Libertad Street

The world breaks everyone, and afterward, some are strong at the broken places.
-Ernest Hemingway

It was in no way queenly or royal, in fact the place had seen better days. A queer and
dilapidated sign, the paint heavily chipped.  “Wig for Sale and Rent. Victoria Salon” it read.  Even the grammar sounded a bit off.

4I had passed “Victoria” countless times on the way to buy supplies along Libertad, in Pasay. From across the road, a figure of a lady with clown like lurid red hair sat and looked wistfully onto the dusty and busy street. No customers. I waved. And she waved back. What an infectious smile, full of swagger, I thought to myself.

Months later on the same route, a group of elderly gentlemen congregated inside the Salon. What a strange set up for a barber shop? Where was the lady with red hair?  There were posters of outdated hair styles on the walls and oddly enough a number of religious statues and artifacts.  They sure could use the prayers.

“Madam, gupit?” an elderly man said in a high pitched sing song voice. You could hear a tint of desperation as he tried to wave me down from the road. His manner feminine with a striking resemblance to my late grandfather; a gay version.

Did I walk in out of pity? What did I get myself into?

A black rag like cape was tied around my neck. “Do what you see fit, what’s in fashion for the summer?” I said, and tried to put on a brave smile.

“I’m Jenny, we see you walk by often, its good this time you chose to come in.”

Jenny had highly arched plucked eyebrows. His demeanor was pleasant. You could see the years of work reflected in his rough callused hands. The name had such a youthful ring to it.  But to be fair, I will start referring to Jenny as her.

6Victoria, in a mad, eccentric way had character. There definitely was no place like it in Manila.  Carrie Talcum Powder, a stained coffee mug and worn out rubber gloves. What are the odds of having your hair styled for sixty pesos? Obviously a low rate because it is void of upgrades, basic comforts and hygiene that one takes for granted at high end salons. Ah! The elite salon. Who are you? By appointment only. Are you willing to wait? You’re sat in a chair and told yarns of gossip, the TV blaring loudly in the background.  Exorbitant rates, don’t forget the hefty tip.  You leave stressed, pesos lighter and invariably unhappy with your new look.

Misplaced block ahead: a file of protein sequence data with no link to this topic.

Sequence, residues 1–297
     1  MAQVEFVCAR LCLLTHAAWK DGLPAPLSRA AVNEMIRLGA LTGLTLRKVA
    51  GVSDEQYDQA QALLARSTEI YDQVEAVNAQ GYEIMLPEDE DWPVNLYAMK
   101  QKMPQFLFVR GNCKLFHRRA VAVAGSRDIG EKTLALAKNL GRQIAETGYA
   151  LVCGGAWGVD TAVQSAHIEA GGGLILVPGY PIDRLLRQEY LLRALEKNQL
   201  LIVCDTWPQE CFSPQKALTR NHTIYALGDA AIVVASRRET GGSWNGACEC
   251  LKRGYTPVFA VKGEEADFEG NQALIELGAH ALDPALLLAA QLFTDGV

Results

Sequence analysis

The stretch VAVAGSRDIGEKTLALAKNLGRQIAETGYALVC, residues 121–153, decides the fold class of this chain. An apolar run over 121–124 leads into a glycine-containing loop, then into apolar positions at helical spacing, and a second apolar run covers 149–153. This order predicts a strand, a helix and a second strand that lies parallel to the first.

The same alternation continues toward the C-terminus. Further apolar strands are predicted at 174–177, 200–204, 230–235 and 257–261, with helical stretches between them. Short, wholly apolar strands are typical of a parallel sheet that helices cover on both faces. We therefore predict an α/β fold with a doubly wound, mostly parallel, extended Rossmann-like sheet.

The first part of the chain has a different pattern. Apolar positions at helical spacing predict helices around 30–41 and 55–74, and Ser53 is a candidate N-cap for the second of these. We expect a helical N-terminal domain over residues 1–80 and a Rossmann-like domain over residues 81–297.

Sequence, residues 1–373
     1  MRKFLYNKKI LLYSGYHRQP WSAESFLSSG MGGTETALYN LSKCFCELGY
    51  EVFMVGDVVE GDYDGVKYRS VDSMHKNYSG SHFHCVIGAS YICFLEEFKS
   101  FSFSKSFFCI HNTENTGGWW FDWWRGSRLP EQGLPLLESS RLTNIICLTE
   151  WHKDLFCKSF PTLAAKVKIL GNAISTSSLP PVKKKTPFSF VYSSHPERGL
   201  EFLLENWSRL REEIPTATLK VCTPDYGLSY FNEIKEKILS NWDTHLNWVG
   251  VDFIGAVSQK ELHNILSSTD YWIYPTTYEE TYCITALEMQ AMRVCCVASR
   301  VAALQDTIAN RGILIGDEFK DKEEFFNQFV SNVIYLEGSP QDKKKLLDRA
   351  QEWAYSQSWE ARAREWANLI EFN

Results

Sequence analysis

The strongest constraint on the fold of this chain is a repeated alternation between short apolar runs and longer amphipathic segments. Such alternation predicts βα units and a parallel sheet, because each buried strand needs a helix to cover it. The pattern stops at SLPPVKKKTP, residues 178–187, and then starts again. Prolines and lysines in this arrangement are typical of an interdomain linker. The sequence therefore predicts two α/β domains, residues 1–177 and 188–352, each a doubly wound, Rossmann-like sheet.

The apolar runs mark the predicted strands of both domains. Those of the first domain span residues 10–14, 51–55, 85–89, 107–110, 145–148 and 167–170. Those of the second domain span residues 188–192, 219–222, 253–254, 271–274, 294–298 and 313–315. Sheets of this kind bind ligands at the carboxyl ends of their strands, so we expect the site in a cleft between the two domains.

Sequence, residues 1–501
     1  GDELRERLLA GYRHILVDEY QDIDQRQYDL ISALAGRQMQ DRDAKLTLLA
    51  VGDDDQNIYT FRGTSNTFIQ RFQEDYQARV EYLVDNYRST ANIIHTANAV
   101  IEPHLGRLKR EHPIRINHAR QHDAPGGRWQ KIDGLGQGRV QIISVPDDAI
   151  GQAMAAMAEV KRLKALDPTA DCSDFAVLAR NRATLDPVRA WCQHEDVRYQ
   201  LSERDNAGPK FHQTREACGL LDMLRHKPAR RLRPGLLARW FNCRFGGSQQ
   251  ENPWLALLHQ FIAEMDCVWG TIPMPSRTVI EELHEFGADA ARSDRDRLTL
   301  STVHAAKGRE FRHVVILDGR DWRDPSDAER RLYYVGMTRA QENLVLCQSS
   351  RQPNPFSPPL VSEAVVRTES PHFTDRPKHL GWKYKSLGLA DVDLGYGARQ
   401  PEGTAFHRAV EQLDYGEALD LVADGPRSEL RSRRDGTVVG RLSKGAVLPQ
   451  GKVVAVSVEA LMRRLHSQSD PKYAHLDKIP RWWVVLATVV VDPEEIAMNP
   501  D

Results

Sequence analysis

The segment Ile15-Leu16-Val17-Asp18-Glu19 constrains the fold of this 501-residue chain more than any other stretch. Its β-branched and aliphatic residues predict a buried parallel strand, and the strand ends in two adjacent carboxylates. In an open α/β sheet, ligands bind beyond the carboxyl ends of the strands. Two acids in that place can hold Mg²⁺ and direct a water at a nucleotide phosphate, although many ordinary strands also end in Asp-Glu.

Joan and Gracia cutting hair along a busy street in Pasay.

“This is Joan, and Gracia.”  Jenny pointed across the room to the two slightly younger gay men. I suppose they were just as curious. A minuscule puppy lay on a chair next to me. The mutt with its curly tail and gray ruffled fur gave out a squeak. Jenny put her scissors down to pat the little dog and covered it with a towel. Content, the puppy went back to sleep and she continued to cut my hair.

My mind wandered.

What would Elizabeth Taylor do in this situation? What would she say? Talk about life and men?


I asked Jenny how many years she was in the trade. “At 19, I left San Carlos City in Negros Oriental and never looked back, 65 now and still fabulous,” she said proudly. “I cut hair in Olongapo near the U.S. Base and when they pulled out, a prostitute pushed me to travel with her to Manila. In those days we had to know it all -nails, waxing, makeup, just everything…” Jenny used a brush this time to blow dry my hair, its bristles were sharp. I felt a sudden urge to scratch my head vigorously. It looked like it had been through decades of hair.

“When do you plan to retire? Must love your job if you’re still working at 65.” I quipped. Jenny looked at me through the mirror and gave out a dirty smirk, “Lover! To support my young lover, and I’m talking 20 something dahhh-linggg” she exclaimed, and we all burst out laughing.

Like real women, the window of opportunity gets smaller as one gets older. Youth and beauty fade, and success may evade you. Has Jenny had her 15 minutes of fame?


The hair style she created was as extraordinary as she was. The curls were there. But it flipped from one side to another, giving a subtle but sensual effect.  I blushed as I stared at myself in the mirror. Two women walked in and sat down next to me.  It felt good to see people come.

Jenny will continue to work (unnoticed) like the rest in her community- out of necessity. No family to go back to, vague chance to marry or have children. How long can one keep the routine of work and the interest of a young man?
An urgency to feel needed and loved but just not under the right circumstances.
Fate’s tragic joke.

They are all in the same predicament at Victoria’s- old, broken, but still strong in some places. The sense of pity that brought me to their Salon was replaced with respect and admiration.

“Thank you,” I said, and slowly picked up my things to head back onto the main street.

Jenny followed me out, “Come visit us soon, maybe a change of colour next?

First, let’s see your roots.”

Victoria has since been torn down during the 2nd half of 2015.



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